Of the companies evaluated in the 2009 report, more than half were in Levels 3, 4 and 5. The breakdown follows:
• Level 1: 17 percent are in prealignment.
• Levels 2 to 3: 25 percent are repeatable and approaching alignment.
• Levels 3 to 4: 39 percent are fully in alignment, approaching synchronization.
• Levels 4 to 5: 19 percent are fully synchronized or approaching convergence.
The distribution of companies across the various levels is generally similar to the distribution in our 2008 report, with about 1 percent of the surveyed firms approaching full convergence (Level 5). One major exception is the 10 percent shift of enterprises from Levels 4-5 (29 percent in 2008; 19 percent in 2009) to Levels 3-4 (29 percent in 2008; 39 percent in 2009).
We believe this change is due to two factors: First, the 2009 report is based on four surveys with a total of 40 questions, while the 2008 report had only one 17-question survey. The second factor involves the average number of respondents per company: roughly 3.5 this year, compared with one in 2008. These changes produced a more in-depth, precise look at each firm.
(Read a list of the top 100 companies and The Baseline/BTM 500 List.)
Companies and their executives tasked with achieving business-technology convergence face colossal challenges, but the potential rewards are equally huge: improved employee productivity, greater customer satisfaction and retention, better business performance, increased operational efficiency, a larger market share and a more robust bottom line.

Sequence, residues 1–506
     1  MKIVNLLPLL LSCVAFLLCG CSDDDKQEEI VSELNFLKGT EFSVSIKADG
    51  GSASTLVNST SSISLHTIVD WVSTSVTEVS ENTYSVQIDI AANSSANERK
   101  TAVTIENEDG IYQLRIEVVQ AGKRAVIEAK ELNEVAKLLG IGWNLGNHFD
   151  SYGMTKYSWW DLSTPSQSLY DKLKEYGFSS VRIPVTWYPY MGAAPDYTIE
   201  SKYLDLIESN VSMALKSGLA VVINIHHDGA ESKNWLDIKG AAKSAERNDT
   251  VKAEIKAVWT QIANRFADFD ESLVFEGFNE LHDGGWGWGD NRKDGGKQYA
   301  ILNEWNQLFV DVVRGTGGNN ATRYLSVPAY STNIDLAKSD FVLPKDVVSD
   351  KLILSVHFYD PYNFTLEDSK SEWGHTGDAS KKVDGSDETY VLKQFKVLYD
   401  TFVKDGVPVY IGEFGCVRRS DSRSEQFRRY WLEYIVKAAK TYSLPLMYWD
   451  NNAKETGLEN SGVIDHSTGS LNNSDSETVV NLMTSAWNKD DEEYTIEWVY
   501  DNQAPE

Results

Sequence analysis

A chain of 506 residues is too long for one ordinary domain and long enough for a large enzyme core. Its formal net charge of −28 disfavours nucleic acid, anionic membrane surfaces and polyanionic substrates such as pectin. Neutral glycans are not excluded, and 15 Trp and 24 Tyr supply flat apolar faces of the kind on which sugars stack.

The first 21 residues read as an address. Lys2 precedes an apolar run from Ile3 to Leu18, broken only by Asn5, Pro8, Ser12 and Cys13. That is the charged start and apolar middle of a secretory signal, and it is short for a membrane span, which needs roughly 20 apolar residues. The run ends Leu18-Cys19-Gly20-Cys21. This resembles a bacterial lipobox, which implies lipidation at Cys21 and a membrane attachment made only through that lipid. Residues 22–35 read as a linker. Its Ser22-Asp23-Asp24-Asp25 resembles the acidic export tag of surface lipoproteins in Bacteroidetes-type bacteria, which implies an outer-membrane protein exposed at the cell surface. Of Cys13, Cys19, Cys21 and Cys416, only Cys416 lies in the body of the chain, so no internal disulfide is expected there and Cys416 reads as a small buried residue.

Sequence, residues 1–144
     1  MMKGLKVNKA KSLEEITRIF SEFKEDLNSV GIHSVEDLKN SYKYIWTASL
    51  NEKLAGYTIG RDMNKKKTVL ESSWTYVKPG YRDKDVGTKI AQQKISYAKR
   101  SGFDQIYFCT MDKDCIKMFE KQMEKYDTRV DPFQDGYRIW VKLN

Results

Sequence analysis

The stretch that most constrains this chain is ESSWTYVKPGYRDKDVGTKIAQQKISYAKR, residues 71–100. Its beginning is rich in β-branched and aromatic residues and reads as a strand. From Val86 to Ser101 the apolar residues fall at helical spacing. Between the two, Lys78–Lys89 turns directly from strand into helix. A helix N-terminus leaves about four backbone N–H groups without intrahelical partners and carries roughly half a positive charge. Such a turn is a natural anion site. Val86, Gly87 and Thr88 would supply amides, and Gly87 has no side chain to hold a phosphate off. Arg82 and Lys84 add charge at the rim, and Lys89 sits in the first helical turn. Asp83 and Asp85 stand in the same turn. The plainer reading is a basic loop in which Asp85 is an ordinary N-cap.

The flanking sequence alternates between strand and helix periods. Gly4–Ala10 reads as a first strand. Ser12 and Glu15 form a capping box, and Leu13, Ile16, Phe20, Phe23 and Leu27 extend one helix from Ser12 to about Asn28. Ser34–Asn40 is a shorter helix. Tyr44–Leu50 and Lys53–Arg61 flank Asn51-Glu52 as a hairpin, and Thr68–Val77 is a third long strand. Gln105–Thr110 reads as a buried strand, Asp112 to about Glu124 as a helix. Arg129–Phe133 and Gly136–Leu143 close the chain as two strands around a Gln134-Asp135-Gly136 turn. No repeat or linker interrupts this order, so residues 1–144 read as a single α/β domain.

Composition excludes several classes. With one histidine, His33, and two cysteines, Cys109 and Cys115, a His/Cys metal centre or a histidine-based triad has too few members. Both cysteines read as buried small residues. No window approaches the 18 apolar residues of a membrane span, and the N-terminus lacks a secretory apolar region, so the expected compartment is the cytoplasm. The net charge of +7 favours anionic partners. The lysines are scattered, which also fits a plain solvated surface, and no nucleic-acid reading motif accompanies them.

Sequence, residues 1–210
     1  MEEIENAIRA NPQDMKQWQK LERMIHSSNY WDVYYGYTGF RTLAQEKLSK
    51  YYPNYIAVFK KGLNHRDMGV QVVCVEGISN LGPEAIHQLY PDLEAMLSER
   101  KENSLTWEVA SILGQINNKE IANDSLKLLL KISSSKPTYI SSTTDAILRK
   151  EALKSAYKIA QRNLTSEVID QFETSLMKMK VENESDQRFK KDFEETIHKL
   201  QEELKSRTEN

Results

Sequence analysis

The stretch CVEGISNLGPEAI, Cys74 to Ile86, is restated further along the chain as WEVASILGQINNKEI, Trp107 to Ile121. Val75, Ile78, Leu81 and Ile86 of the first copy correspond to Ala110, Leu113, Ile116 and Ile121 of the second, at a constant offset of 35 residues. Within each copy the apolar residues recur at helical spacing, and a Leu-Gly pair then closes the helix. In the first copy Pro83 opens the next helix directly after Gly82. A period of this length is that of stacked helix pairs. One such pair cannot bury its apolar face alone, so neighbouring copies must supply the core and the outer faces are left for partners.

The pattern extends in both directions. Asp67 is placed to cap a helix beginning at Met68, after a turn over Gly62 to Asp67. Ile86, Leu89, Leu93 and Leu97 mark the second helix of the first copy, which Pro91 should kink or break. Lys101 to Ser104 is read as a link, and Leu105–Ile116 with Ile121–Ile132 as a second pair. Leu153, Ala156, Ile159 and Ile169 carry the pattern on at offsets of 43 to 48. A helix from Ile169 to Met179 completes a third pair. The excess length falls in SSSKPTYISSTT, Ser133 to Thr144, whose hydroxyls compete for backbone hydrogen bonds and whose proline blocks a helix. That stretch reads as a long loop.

Corporate change is never quick or easy. But, in the case of convergence, it’s crucial.
The majority of firms assessed in the 2009 Baseline/BTM 500 have achieved at least a foundation for business-technology convergence. They focus on the strategic business-oriented management of technology, and exhibit strong capabilities across the four functional areas of the BTM Framework:
• Governance and Organization determines the role of technology in the enterprise and manages technology to meet business goals. This function structures and manages the business-technology organization, manages risk and compliance, and ensures that there is regular communication about the activities of technology throughout the enterprise.
• Strategic Investment Management approves and prioritizes technology investments. This function develops and manages project and asset portfolios, and provides reporting. It establishes and manages business-technology demand and resource requirements, and applies business technology to project execution throughout the implementation life cycle.
• Strategy and Planning articulates required business capabilities and the technology plans to enable them. This function provides a disciplined means of ensuring that budgets reflect and support strategy. It also supports the creation and management of relationships with the partners best suited to an organization’s strategy, and integrates technology assets to ensure consistency with the enterprise’s strategy.
• Strategic Enterprise Architecture describes business strategies, operating models, capabilities and processes in terms actionable for business technology. This function defines the applications and technical infrastructure required to meet enterprise goals and objectives; establishes a set of standard business-technology applications, tools and vendors; and identifies, organizes and manages existing business applications, along with technology assets and projects.—BTM staff
Read more “The Value of Convergence”.